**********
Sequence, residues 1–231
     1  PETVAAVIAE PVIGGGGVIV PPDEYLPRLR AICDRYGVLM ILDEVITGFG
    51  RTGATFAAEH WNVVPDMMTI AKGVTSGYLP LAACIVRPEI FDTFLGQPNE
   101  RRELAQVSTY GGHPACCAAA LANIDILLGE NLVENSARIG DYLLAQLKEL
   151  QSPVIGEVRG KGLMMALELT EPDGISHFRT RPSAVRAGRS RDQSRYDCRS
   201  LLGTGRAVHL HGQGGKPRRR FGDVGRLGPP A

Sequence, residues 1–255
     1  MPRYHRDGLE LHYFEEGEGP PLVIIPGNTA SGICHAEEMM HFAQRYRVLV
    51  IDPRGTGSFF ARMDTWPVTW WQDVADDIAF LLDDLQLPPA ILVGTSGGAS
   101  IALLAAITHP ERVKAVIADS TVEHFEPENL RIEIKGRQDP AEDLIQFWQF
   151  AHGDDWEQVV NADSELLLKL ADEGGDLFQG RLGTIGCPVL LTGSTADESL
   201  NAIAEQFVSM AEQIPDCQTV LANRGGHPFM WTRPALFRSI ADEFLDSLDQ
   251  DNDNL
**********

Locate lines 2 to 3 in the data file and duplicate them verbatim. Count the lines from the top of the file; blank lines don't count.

     1  PETVAAVIAE PVIGGGGVIV PPDEYLPRLR AICDRYGVLM ILDEVITGFG
    51  RTGATFAAEH WNVVPDMMTI AKGVTSGYLP LAACIVRPEI FDTFLGQPNE